One of the mysteries of the English language finally explained.
A small slender antelope that typically has curved horns and a yellowish-brown coat with white underparts, found in open country in Africa and Asia.
- ‘It is no accident that sheep, bulls, gazelles and cats have been found carefully buried and preserved in their own graves.’
- ‘Fleet-footed animals, such as gazelles and cheetahs, aren't the only livings things that rely on speed for their survival.’
- ‘Every morning in Africa, a gazelle gets up in the morning and starts running, knowing that that very day it has to outrun some lion that is waiting to prey on it.’
- ‘It's a hot water bottle in my mountain-lodge bed, overlooking gazelles and hyenas at a watering hole.’
- ‘Such pets weren't limited to dogs and cats but included baboons, monkeys, and gazelles.’
- ‘Here, photographers can get vantage points to compose shots of elephants, rhinos, cheetahs, hyenas, gazelles and waterbucks.’
- ‘Our catalogue lists 2,318 specimens: wild pigs, deer, cattle, gazelles, sheep and goats, rhinos, bears and other carnivores, primates, and even some marsupials.’
- ‘And it's not just wildebeest: zebras and gazelles are also on the move, tracked by hungry lions and cheetahs.’
- ‘Cheetahs use their speed to outrun their prey, which includes such fleet-footed creatures as gazelles and wildebeests.’
- ‘The gestation period was five months, a timetable shared by the slender-horned gazelle, blackbuck antelope, and pygmy goat.’
- ‘As a leader, your job is to read the tea leaves, set a direction, and move like a gazelle, not an elephant, into the future.’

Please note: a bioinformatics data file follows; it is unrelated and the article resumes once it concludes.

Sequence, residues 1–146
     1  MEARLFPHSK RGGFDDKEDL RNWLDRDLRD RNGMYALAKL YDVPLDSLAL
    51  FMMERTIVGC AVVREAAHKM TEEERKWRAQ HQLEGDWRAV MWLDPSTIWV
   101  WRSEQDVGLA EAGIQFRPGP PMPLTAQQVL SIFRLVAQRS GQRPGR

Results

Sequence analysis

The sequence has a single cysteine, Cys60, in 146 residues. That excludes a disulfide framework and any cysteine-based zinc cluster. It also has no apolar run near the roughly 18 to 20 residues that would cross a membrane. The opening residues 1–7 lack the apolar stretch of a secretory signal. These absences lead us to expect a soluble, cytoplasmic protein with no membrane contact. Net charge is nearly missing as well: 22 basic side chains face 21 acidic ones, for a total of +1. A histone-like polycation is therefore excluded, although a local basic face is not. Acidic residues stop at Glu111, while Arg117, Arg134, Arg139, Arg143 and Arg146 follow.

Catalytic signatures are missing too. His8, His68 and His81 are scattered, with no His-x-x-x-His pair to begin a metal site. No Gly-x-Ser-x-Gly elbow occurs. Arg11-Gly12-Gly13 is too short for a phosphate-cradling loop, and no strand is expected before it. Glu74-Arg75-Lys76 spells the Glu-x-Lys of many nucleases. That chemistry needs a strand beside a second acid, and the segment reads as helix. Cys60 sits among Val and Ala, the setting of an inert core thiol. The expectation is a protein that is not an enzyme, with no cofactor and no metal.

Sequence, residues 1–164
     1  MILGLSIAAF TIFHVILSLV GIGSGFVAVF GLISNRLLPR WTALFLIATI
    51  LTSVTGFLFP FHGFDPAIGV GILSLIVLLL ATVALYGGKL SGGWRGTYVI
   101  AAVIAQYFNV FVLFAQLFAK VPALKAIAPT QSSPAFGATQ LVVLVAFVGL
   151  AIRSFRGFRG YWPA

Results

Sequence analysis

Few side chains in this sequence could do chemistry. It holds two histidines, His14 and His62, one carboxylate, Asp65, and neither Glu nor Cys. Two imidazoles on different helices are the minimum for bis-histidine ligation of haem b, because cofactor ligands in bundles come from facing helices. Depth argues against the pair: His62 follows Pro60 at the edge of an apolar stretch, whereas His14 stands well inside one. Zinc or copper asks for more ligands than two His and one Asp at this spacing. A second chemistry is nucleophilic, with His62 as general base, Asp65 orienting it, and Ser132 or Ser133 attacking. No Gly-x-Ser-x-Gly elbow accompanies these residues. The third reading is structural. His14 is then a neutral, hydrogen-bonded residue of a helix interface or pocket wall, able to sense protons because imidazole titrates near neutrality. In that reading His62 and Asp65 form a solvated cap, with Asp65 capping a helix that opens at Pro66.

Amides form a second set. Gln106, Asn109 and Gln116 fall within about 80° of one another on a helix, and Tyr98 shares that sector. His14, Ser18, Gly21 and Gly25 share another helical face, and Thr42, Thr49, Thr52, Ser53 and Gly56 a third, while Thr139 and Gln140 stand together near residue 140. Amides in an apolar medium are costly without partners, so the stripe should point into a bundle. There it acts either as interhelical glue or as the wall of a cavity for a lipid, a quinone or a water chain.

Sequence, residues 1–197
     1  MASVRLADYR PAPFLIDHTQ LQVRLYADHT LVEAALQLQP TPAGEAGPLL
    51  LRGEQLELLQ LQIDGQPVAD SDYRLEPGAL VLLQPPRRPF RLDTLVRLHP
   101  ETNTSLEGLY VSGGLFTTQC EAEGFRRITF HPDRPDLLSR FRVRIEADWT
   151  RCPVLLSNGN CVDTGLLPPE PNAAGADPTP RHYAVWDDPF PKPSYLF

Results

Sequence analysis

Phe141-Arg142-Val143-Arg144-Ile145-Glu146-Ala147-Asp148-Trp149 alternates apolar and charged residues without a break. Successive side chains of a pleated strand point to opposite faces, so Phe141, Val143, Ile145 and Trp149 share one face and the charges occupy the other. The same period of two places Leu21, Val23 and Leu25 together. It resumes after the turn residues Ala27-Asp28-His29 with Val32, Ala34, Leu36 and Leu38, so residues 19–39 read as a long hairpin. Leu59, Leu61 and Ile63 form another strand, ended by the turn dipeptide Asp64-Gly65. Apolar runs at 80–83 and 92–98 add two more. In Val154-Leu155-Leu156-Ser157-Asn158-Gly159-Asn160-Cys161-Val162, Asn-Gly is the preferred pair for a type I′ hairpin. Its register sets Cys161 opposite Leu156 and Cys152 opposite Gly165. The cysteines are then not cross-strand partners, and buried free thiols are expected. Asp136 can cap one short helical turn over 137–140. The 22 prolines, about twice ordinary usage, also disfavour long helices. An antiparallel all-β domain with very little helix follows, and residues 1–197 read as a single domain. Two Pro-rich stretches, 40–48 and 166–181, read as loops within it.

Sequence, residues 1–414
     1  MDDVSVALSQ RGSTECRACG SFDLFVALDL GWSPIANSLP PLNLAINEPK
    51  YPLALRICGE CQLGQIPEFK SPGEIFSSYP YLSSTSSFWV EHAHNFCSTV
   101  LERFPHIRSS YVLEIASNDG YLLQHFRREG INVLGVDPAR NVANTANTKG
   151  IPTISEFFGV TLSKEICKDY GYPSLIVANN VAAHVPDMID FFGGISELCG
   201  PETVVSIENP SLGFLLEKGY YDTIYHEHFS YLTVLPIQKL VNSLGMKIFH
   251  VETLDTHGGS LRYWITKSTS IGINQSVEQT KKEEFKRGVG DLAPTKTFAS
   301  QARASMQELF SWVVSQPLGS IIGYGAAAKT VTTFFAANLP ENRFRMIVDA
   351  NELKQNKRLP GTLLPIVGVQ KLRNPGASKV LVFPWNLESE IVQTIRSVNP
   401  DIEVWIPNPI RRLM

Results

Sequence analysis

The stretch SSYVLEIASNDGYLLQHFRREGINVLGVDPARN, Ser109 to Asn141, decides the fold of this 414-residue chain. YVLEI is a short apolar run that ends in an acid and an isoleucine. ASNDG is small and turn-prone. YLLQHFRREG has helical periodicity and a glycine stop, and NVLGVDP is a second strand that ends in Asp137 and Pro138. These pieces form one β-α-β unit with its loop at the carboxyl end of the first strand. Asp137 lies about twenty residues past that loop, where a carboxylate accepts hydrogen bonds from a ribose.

- ‘In all fairness, his preoccupation with glancing around this way and that like an insecure gazelle in an open savanna for his pursuers was justifiable given that he still had not quite yet deciphered where he had ended up.’
- ‘The western part of Kenya's largest national park boasts the Mzima crystal springs, a haven for hippos, elephants, gazelles, zebras, and giraffes.’
- ‘Cheetahs and gazelles are parts of each other's environment, and a change in the behaviour of one represents a change in the environment of the other.’
- ‘Add up all the lions, elephants, warthogs, giraffes, gazelles, zebras, impalas, topis and hyenas that live on these plains and they fail to outnumber the gnus.’
- ‘True to her style, even in those movements she was more a wild gazelle than a stampeding rhinoceros.’
- ‘One student, for example, utilized their model of gazelles and grass to model the interaction between lions and gazelles using the appropriate substitutions, which is not an easy thing for students to grasp.’
- ‘These guys are happy to tell you where they found gazelles or vice versa.’
- ‘In a terrestrial context this scenario might be likened to gazelles, wildebeests, and lions gathering around a watering hole.’
- ‘In the next two hours, we came across many black buffalo, herds of zebra and numerous gazelles.’
Early 17th century: from French, probably via Spanish from Arabic ghazāl.
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